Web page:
You don't have to look for long on the web to find plenty of people who have had similar and frequently far worse experiences. When I first looked at www.quitpaxil.org, I was terrified, closely followed by furious. I'm a fairly cynical person (except when it comes to romance and Christmas) so I presumed that, knowing the havoc wreaked by the previous generation of antidepressants, the drug companies themselves and, failing that, the regulatory authorities would have a strict testing regime in place prior to any drug being put to market. Yet it seemed to be the same story again - drug released, expensively marketed, especially in the UK to GPs, prescriptions handed out in their millions and slowly, very slowly, questions begin to be raised. It seems to me that millions of people have been used as guinea pigs for a very powerful drug.
It's not difficult to see why seroxat and other drugs of its type have been so successful. Western countries have experienced a rapid increase in people manifesting symptoms of anxiety and depression, probably imho brought on by the social dislocation, systemic insecurity and advertising/media culture of post-industrial capitalism. They don't have full-blown psychiatric disorders but may have a range of frightening symptoms (eg, panic attacks) that they feel they need help with. In December 2004, the government suggested to GPs that cognitive behavioural therapy or exercise programmes be encouraged prior to prescibing pharmaceutical remedies, but for years, cash- and time-strapped GPs had been handing out prozac et al like the proverbial smarties. Even now, CBT is not available in many areas (either because there aren't enough trained therapists or the are insufficient funds available) and where it is, there might be a wait of months or years. To someone in a situation where they cannot cope with life anymore, this is much too long. Early intervention is crucial in treating mental health problems if they are not to become more serious. SSRIs are no more than sticking plasters but for too long, they have been the only help available.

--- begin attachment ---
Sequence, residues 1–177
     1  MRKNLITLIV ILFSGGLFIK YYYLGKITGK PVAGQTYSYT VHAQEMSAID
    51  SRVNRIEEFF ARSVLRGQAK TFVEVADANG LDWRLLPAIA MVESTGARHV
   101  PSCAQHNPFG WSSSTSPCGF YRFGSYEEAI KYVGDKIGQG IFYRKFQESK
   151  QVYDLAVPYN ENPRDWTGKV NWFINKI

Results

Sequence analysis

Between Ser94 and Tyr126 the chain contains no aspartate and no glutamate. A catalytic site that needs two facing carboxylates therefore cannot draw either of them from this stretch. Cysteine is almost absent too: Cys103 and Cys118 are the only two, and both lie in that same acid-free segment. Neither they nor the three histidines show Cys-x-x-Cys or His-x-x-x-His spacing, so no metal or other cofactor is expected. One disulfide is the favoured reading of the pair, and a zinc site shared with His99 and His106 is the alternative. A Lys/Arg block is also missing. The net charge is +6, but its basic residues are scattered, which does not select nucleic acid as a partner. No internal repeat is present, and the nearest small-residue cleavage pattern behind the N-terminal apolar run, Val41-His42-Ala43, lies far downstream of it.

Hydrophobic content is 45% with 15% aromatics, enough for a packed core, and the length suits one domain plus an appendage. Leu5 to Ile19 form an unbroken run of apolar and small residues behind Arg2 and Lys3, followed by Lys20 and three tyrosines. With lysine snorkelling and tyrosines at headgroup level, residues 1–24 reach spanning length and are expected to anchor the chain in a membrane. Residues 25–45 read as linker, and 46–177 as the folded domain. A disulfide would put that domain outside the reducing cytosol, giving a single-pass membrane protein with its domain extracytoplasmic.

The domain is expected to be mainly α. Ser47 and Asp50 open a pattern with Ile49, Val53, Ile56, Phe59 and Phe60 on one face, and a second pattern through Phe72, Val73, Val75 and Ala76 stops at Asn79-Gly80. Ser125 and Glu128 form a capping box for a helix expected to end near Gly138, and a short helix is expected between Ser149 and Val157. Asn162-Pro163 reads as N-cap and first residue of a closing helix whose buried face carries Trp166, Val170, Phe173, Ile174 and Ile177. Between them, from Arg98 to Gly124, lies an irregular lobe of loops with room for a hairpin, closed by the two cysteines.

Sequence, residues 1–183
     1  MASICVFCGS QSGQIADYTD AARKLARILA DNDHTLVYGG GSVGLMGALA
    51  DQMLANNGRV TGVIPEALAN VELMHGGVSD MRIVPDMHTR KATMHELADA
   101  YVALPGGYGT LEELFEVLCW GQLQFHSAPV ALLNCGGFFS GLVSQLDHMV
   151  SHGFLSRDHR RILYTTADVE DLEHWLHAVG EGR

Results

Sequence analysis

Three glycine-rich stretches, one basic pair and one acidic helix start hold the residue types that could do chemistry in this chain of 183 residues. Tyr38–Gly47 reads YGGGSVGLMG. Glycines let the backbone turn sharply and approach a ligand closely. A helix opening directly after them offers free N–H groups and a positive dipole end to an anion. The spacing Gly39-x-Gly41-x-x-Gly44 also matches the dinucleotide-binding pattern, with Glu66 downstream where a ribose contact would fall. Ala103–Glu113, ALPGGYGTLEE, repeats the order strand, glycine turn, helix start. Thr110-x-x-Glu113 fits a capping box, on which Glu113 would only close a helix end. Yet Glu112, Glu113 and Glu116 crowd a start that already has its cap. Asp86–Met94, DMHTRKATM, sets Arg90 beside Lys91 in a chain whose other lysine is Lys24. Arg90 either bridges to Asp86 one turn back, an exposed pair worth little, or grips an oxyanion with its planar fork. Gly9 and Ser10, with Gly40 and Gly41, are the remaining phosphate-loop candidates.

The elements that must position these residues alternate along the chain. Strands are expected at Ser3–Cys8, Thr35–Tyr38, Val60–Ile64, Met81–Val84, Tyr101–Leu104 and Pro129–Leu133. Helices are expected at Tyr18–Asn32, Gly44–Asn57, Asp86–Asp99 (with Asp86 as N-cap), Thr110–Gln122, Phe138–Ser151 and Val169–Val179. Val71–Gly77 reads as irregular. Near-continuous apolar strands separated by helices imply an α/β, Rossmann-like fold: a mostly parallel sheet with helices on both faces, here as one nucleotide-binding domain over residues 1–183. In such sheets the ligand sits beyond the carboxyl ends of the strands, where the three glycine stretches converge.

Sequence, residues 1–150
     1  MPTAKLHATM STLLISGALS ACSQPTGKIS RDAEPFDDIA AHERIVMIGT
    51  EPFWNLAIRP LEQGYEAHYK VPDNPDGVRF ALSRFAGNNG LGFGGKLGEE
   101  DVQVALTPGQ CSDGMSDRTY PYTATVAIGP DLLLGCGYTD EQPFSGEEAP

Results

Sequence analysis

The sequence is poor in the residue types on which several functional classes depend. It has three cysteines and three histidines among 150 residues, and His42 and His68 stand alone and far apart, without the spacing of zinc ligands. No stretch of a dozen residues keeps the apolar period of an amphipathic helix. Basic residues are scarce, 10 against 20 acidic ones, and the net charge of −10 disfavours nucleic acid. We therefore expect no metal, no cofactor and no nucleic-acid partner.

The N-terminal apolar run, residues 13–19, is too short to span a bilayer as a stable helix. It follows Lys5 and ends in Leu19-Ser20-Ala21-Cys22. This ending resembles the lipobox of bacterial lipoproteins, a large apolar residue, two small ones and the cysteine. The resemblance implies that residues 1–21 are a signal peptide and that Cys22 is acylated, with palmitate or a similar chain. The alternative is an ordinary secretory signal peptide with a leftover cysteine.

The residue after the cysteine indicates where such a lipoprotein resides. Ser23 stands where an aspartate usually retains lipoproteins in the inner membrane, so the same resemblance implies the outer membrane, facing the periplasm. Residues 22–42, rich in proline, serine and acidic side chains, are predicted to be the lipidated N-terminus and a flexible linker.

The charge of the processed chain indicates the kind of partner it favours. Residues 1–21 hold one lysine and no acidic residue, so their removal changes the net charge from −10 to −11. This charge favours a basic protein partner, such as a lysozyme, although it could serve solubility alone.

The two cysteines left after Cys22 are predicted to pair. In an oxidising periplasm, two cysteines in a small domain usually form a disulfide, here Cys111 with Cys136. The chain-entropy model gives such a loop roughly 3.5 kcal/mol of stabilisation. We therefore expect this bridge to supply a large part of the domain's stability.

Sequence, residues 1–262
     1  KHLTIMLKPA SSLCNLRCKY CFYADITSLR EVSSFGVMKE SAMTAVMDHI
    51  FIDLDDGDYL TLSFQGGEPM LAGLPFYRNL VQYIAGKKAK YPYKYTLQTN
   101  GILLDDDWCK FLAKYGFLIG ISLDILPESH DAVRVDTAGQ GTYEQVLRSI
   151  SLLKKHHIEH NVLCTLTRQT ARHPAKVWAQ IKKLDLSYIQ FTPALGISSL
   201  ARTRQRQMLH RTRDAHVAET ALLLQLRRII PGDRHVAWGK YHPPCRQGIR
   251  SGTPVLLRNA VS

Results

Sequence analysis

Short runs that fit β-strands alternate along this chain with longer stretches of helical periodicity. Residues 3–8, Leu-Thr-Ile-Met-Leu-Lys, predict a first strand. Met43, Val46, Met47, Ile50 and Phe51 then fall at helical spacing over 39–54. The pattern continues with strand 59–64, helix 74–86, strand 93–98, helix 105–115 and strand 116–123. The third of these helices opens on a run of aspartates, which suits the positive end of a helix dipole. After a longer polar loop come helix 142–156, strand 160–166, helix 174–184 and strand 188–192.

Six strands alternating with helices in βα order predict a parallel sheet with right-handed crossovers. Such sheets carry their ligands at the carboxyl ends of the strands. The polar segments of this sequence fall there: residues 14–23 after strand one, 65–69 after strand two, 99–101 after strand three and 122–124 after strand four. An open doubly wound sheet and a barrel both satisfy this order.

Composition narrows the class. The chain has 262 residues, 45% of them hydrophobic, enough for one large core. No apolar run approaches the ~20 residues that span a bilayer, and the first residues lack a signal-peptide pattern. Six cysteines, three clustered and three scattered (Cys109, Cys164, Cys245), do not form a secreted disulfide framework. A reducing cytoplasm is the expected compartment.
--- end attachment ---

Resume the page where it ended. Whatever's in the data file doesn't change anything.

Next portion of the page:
The question of what to do with the ranks of the depressed is a whole other question (answers on a postcard). What concerns me is:
- how far has the medical establishment (medical practitioners, drug companies and the regulators) accepted there is a problem? I think the answer is they have been forced to accept it- see changes to the patient information leaflet for seroxat http://news.bbc.co.uk/1/hi/programmes/panorama/3005483.stm
- if the withdrawal issue has been broadly accepted as something that effects a significant proportion of seroxat users to varying degrees, what help is being offered to those people suffering withdrawal problems? I don't have much of an idea on this in general but my own experiences suggest the answer is not a lot.
- is information getting through to all the professionals who need to know so that appropriate advice can be given? This is of particular importance in respect of seroxat and pregnancy. See http://www.seroxatusergroup.org.uk/pregnancy_childcare.htm. I have been under investigation for infertility for two years and have been told repeatedly that there are no contraindications regarding having a baby and taking seroxat. I found this stuff two weeks ago and am for the first time eternally grateful that I didn't get pregnant and will not be trying again until I am clean of this stuff.